(PHIL COALE ~ Associated Press)
JACKSONVILLE, Fla. -- Torry Holt expects to feel all sorts of emotions when he sees former teammates and coaches Sunday.
He won't rule out tears, either.
Holt, a seven-time Pro Bowl selection during his 10 seasons in St. Louis, will face his former team for the first time when the Jacksonville Jaguars (2-3) host the Rams (0-5).
Bitterness? Showmanship? Maybe a little revenge?
Nope. Just handshakes, hugs and high-fives.
"I have a lot of feelings for that organization, for that team and for a lot of those guys that are on that squad," Holt said. "So whether I cry, I get charged up and run through a brick wall, or I fall down -- I don't know what it'll be -- but I'll ride the wave of the emotions."
Holt caught 869 passes for 12,660 yards and 74 touchdowns with the Rams. He also had 47 receptions for 630 yards and four scores in 10 postseason games.
He was one of the most consistent receivers in the league for nearly a decade, averaging 94 catches and 1,385 yards during an eight-year span beginning in 2000. He was equally impressive off the field, creating charitable foundations, working as a spokesman for awareness groups and doing just about anything asked of him in the community.
Without question, it was difficult for Holt leave St. Louis.
But he knew it was time to go.
"It probably was best for them, and it probably was best for myself to kind of move on, get a fresh start," Holt said.
The Rams released Holt in March to avoid paying him a $1.25 million roster bonus and free up $8 million under the 2009 salary cap. He signed a three-year, $13 million contract with the Jaguars a month later. The deal could be worth $20 million with incentives.
"In their situation, it may have come down to money, and probably on my behalf it came down to money to a certain extent," said Holt, who ranks 10th in NFL history with 891 receptions and 12th with 12,966 receiving yards.
Holt had grown increasingly frustrated with the Rams, who had fallen flat in recent years after being a perennial Super Bowl contender for the first part of his career.
Holt sidestepped questions about the decline of the franchise. But he smiled when recalling the "Greatest Show on Turf," the nickname given to the Rams when Holt, fellow receiver Isaac Bruce, quarterback Kurt Warner, running back Marshall Faulk and an offensive line anchored by left tackle Orlando Pace made them one of the most potent offenses in NFL history from 1999 through 2001.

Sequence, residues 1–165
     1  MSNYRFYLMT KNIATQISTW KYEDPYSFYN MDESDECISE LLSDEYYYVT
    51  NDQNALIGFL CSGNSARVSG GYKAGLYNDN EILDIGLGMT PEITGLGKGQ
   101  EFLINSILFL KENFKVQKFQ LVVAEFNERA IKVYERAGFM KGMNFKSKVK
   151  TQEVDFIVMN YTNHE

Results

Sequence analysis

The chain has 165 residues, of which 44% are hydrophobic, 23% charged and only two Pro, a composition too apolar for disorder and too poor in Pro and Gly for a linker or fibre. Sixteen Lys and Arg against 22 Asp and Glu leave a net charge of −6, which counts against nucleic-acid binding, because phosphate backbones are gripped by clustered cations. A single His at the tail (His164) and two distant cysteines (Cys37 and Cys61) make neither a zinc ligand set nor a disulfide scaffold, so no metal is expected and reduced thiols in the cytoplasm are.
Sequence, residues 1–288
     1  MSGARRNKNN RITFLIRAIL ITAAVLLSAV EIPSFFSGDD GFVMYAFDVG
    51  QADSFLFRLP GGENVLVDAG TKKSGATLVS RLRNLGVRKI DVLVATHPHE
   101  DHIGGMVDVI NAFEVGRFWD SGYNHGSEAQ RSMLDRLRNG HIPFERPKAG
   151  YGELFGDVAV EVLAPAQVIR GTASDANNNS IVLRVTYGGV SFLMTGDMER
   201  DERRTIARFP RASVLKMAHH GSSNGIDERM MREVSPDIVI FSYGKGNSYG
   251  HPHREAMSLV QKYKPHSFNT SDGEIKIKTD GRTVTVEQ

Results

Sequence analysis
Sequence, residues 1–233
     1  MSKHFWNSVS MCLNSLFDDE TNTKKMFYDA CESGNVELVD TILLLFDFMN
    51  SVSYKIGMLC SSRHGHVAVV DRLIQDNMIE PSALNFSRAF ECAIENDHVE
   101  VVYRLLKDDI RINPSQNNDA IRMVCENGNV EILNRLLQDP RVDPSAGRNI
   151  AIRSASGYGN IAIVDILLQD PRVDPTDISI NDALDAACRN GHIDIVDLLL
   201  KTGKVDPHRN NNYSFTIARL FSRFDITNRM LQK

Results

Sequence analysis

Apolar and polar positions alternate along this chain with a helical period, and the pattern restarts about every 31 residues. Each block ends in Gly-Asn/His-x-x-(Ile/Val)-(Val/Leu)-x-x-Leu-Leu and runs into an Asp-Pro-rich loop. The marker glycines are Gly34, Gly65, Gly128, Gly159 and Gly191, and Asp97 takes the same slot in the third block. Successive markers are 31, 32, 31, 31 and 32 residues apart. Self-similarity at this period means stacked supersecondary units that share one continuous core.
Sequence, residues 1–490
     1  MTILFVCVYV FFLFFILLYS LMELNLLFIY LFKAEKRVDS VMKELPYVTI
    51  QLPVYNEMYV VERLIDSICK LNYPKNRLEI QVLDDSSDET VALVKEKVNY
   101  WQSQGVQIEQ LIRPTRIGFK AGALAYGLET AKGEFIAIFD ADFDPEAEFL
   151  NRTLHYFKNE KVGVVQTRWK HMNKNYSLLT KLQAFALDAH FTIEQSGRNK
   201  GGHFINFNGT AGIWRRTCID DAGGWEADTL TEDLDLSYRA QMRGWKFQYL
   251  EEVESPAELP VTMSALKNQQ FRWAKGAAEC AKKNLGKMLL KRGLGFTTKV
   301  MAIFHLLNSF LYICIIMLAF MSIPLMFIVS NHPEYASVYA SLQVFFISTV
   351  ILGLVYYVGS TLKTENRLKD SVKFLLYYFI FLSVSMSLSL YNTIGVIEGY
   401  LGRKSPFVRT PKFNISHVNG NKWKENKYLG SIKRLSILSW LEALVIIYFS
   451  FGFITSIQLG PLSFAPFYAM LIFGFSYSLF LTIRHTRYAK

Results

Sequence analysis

"We were at a special place in time when we were winning games and when we were good," said Holt, the sixth overall pick in the 1999 draft. "We had a lot of good players who are no longer there and are on other teams and are playing well. But that's the way this game is, that's the way organizations are. You have to replace guys and move on, and hopefully these guys you draft and bring in come in and play well.
"I think in their situation, a lot of that hasn't panned out for them."
Holt's production dipped last season as St. Louis struggled to score points. He finished with 64 catches for 796 yards and three touchdowns, his fewest receptions and yards since his rookie season and the lowest TD total of his career.
Holt acknowledges that he's lost a step -- no surprise since he's 33 years old -- but he believes he makes up for it with precise routes and good hands.
He leads the Jaguars with 22 receptions for 306 yards and has extended his streak of consecutive games with a reception to 158.
"It's huge. It means a lot," he said. "The work that has been put in and the sacrifices that I've made in order to even have a record like that it takes a lot. It means a great deal. I think it's a testament to durability, it's a testament to work ethic, it's a testament to attention to details, a testament to how much I love and appreciate this game."